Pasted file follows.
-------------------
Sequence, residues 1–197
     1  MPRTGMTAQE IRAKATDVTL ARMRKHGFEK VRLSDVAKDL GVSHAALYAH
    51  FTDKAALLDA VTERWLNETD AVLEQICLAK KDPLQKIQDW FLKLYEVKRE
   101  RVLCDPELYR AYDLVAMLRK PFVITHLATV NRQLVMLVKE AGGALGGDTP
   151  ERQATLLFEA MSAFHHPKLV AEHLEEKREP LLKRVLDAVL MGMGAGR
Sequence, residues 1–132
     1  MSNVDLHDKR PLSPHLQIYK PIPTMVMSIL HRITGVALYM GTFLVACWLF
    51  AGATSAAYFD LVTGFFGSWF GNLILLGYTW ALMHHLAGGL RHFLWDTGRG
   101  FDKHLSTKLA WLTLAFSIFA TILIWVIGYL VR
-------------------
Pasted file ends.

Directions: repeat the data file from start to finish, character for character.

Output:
Sequence, residues 1–197
     1  MPRTGMTAQE IRAKATDVTL ARMRKHGFEK VRLSDVAKDL GVSHAALYAH
    51  FTDKAALLDA VTERWLNETD AVLEQICLAK KDPLQKIQDW FLKLYEVKRE
   101  RVLCDPELYR AYDLVAMLRK PFVITHLATV NRQLVMLVKE AGGALGGDTP
   151  ERQATLLFEA MSAFHHPKLV AEHLEEKREP LLKRVLDAVL MGMGAGR
Sequence, residues 1–132
     1  MSNVDLHDKR PLSPHLQIYK PIPTMVMSIL HRITGVALYM GTFLVACWLF
    51  AGATSAAYFD LVTGFFGSWF GNLILLGYTW ALMHHLAGGL RHFLWDTGRG
   101  FDKHLSTKLA WLTLAFSIFA TILIWVIGYL VR